salt and white pepper to taste

In a large pot, heat vegetable stock to a slow simmer. In a large skillet, heat butter and gently saute the green beans with the lemon juice and herbs de provence. When just tender, remove the beans from the heat. Place green beans in a blender and blend until smooth. Add the mixture to the stock, along with the cream, and stir to combine. Season with salt and white pepper to taste. When done, get outside and shovel!


Horseradish Aioli

horseradish aioli 2

Aioli is not quite the same as mayonnaise, but still very similar. It is also one of those things that people would usually shy away from making at home. Making it is dead easy and will make your forearms look just like Popeye. Here, we've added horseradish instead of the traditional garlic. The amount of searing heat in horseradish can differ from one horseradish root to another, so add as much as you can stand!

1 cup neutral oil
1/2 cup extra virgin olive oil
2 egg yolks
1 tbsp mustard
4 tbsp lemon juice or white wine vinegar
as much finely grated horseradish as desired
salt and pepper

Grate as much horseradish as desired and combine with 1/2 the lemon juice. In a large bowl, mix egg yolks, 1/4 the lemon juice, mustard, and a little salt. Whisk thoroughly to combine. From a squeeze bottle, gently pour in a drop or two of the neutral oil. Whisk this into the yolk mixture, only adding a few more drops when the oil has been fully incorporated (and NOT before!). After 1/3 of the neutral oil has been incorporated, you can add a little more oil at a time, but never stop whisking. When the neutral oil is all incorporated, add the remaining lemon juice and the horseradish. Whisk well to combine, and start the process again with the olive oil. Taste for salt, pepper, and horseradish and adjust properly.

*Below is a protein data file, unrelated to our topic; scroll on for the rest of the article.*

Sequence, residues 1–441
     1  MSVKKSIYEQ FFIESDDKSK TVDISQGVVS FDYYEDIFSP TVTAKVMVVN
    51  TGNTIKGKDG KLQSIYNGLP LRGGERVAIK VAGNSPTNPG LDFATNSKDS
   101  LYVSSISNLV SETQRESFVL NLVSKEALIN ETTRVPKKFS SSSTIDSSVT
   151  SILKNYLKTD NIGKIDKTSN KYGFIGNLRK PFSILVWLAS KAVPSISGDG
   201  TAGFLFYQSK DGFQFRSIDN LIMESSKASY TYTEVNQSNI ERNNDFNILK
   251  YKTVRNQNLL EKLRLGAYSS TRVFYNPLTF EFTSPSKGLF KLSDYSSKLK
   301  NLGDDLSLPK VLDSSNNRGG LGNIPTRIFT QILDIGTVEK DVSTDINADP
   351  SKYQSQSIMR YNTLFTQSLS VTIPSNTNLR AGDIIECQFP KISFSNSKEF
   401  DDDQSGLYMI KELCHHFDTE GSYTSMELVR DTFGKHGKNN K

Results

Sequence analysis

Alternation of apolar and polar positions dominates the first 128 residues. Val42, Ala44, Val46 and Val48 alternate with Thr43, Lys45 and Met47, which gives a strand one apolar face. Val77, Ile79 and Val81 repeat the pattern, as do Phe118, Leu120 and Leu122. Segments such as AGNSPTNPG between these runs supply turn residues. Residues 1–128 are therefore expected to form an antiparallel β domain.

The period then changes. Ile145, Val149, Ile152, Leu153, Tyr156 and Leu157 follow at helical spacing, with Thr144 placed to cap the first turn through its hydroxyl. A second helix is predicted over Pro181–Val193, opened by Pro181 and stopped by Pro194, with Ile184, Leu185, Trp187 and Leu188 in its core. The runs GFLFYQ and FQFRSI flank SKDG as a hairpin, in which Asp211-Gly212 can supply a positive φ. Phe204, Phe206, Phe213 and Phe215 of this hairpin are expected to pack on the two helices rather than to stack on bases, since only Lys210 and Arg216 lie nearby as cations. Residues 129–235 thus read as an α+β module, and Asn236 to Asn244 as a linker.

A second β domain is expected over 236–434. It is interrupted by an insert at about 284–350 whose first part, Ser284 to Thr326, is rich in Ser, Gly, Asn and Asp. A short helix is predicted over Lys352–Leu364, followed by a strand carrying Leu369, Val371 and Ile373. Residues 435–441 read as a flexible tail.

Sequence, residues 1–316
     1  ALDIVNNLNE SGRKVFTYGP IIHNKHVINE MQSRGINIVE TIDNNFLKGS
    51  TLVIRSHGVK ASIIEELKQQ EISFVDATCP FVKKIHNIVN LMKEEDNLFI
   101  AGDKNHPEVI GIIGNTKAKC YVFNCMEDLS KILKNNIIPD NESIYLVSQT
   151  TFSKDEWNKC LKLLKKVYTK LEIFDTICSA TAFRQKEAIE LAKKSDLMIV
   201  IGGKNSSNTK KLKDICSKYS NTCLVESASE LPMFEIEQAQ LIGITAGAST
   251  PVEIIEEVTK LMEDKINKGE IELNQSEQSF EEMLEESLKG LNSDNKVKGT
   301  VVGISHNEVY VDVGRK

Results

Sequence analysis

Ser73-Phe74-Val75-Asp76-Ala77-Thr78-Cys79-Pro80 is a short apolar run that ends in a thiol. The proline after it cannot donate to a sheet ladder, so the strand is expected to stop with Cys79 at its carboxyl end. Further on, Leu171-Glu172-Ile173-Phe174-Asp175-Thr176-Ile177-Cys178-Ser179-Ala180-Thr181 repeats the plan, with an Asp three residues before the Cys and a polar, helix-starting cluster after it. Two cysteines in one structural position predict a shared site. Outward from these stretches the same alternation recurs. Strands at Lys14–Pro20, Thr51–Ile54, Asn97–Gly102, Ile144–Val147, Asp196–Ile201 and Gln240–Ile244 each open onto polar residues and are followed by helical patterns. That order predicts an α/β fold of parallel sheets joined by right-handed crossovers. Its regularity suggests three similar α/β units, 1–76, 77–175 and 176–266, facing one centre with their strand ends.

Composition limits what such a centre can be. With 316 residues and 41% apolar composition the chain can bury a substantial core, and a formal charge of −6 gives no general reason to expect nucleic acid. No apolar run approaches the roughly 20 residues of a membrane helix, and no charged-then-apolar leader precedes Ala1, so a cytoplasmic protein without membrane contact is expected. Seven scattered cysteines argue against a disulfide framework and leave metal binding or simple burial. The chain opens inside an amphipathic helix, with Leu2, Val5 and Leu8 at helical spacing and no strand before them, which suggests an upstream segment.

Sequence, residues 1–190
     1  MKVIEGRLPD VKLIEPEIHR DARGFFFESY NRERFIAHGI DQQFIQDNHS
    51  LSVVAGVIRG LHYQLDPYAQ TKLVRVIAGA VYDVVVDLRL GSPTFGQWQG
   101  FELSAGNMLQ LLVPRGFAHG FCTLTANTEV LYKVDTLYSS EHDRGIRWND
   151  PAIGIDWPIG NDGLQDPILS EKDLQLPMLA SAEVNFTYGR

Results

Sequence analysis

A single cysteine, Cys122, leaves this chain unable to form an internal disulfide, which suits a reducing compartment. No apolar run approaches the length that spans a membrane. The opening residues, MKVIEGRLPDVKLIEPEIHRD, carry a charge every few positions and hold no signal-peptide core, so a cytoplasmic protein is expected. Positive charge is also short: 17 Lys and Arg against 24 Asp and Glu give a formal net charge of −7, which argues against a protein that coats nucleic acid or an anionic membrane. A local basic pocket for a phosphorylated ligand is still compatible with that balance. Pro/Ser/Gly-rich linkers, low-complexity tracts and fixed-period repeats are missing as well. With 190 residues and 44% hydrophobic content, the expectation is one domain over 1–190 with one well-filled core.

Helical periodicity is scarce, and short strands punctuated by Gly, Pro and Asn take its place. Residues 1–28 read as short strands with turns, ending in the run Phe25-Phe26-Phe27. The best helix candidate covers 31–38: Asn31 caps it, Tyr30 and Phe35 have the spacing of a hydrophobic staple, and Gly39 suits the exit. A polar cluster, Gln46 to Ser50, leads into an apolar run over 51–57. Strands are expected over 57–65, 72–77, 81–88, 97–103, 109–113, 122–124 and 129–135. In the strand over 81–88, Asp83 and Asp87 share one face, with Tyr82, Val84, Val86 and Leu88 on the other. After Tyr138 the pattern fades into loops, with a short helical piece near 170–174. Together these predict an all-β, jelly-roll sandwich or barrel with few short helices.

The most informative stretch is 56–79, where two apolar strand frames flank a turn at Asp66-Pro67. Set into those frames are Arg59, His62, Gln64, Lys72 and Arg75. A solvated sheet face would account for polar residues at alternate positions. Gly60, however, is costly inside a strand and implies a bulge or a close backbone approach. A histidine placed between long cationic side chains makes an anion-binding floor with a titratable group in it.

Letting the aioli sit covered and overnight in the fridge will intensify the horseradish flavor a little bit. Consider making this the day before you need it to allow time to either add more horseradish, or another egg yolk and some oil to tame the heat if it is too powerful.

horseradish aioli


Smoked Cocoa Nib Ice Cream

One of the benefits of working in a woodshop is having unbridled access to hardwood sawdust. And if you read the last two words of that sentence and instantly knew where I was going with this: give your self a firm pat on the back. That's right: smoking. Hardwood sawdust is ideal for smoking as it requires no pre-soaking. Check out Alton Brown's do-it-yourself smoker for more info.

This is just a quick smoke. One change of sawdust should do it. But, I guess you could cheat and just use liquid smoke if the weather isn't cooperating (say maybe some sort of wintry mix, perhaps?).

2 cups crème anglaise
1/2 cup cocoa nibs
2 tbsp bourbon

Set up you smoker with hardwood sawdust (maple in my case). Smoke the cocoa nibs in a cheesecloth pouch for one change of sawdust. This should take about an hour or so. Mix with crème anglaise and bourbon and place in the freezer. Stir every one in a while and refreeze until desired consistency is reached.